by Tina van De Flierdt
Finally the long time without my ship mates was over …
From 15 June to 25 June many of the shipboard participants from IODP expedition 318 met again in College Station, Texas, to bring the first stage of our science mission to conclusion, and make a start to the second stage. The first stage of course was the seagoing part, which you all could follow through the blogs. As I mentioned in my blogs, part of the job when sailing as a scientist in the Integrated Ocean Drilling Programme is to write a lot of reports. Every time we finished drilling at a new site in the ocean, a full report had to be written up, describing the operational side of things, but also the sediments we found, what ages they had, and what their physical properties and geochemical composition was. As you may imagine, doing scientific writing after 9 weeks of 12 hours shifts every day can be quite tough, and hence it was very good that we revisited all our writings and gave it final touches. The big report containing all the information will be published next summer. Why do we wait this long? A lot of the information that is contained in the reports from our Expedition is unique findings that can lead straight into a scientific publication. In order to allow the scientist, who collected the material, to get first dips on publication, a so-called moratorium is in place. This means that for 1 year nobody else but the people who were part of Expedition 318 will see the reports or get any samples.
But don’t worry – we surely will flood upcoming meetings with results much earlier than next summer. To make sure that this will happen, we entered step two, which is the actual shore-based science work. During five days in College Station, we all worked in shifts again to sample all the cores. This time, however, we did take samples for all of our individual science projects. In my case, this is to look at the history of the East Antarctic ice sheet as reconstructed from ice-rafted debris ,and to understand the interplay of continental weathering, ocean circulation and CO2 drawdown during the onset of Antarctic glaciation some 34 million years ago. Two very exciting projects, which I am lucky to have two motivated PhD students for! But also this stage of the expedition will involve a lot of team work -no single group or researcher can do all the analyses required, to answer the big picture questions in Earth and Climate sciences alone. Hence already back on the ship we formed topical teams, which will join forces to tackle the big science questions out there. Happy data production everybody and more soon!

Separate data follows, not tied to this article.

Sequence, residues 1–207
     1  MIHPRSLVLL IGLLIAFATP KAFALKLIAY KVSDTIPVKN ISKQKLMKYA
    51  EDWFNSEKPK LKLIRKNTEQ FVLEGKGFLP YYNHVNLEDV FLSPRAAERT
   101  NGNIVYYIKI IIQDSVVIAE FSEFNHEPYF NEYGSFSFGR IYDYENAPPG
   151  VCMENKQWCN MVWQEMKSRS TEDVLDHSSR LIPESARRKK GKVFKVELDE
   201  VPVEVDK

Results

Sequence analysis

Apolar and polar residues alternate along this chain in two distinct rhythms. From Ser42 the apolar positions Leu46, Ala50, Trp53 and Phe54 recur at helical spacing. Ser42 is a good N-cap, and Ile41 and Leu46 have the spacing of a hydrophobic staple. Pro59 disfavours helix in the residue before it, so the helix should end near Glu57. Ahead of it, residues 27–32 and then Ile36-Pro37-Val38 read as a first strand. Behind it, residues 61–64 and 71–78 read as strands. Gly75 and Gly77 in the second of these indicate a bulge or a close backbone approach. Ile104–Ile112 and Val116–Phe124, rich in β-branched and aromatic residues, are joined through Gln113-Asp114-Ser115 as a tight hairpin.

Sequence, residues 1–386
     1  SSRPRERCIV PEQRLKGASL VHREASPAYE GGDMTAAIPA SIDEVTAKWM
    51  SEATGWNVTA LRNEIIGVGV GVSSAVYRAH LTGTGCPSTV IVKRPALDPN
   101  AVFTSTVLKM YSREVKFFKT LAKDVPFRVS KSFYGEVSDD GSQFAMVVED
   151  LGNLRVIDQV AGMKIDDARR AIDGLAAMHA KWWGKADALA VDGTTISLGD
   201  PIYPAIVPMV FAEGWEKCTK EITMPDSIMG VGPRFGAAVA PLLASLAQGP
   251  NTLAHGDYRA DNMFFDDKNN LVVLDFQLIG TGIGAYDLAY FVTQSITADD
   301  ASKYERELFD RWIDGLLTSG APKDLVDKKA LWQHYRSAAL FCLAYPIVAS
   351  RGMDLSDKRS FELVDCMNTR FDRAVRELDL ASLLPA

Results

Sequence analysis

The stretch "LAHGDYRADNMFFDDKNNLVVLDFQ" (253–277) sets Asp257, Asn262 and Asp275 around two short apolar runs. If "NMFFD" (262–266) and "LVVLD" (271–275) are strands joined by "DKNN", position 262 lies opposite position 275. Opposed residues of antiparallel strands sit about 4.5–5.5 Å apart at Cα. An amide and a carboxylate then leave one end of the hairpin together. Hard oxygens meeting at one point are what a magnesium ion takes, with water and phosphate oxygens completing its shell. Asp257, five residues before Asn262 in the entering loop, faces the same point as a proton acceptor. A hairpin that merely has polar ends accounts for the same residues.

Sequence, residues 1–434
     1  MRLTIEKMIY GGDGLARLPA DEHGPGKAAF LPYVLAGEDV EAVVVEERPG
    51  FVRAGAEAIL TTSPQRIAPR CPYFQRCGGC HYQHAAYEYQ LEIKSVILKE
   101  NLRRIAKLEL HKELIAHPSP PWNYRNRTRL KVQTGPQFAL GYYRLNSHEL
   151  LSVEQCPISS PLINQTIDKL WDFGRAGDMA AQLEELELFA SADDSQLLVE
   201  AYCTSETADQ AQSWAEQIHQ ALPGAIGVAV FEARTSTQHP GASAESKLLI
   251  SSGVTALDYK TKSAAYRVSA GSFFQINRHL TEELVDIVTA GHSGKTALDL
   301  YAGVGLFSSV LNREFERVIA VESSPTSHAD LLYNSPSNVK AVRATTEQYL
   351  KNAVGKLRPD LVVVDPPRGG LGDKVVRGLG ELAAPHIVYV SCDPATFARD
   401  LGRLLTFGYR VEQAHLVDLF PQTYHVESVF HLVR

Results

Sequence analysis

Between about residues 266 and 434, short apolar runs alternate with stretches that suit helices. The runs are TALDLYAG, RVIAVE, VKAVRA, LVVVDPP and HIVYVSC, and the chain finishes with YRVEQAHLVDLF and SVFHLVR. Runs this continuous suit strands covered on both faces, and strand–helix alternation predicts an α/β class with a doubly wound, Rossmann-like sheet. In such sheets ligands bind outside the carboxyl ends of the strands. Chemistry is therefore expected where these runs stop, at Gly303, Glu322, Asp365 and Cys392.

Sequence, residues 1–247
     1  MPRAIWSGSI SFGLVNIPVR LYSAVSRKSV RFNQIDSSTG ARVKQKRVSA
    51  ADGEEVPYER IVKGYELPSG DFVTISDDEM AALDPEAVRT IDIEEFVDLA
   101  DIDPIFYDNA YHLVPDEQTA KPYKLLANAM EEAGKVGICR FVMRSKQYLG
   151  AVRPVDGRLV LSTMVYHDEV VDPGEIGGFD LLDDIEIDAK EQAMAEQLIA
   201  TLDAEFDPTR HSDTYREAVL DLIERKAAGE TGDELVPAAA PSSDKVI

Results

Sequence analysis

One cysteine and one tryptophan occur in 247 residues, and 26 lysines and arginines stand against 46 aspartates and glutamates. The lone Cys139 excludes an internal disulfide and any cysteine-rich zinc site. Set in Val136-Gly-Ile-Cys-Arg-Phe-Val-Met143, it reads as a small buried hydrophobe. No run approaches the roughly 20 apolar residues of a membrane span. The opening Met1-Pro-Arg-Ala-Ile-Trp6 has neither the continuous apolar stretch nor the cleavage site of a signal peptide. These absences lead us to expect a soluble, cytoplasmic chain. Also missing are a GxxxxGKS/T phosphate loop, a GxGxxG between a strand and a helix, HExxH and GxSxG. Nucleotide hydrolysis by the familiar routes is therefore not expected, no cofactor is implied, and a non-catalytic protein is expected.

Below a picture from the ‘sampling party’ – looks almost like back on the ship, doesn’t it?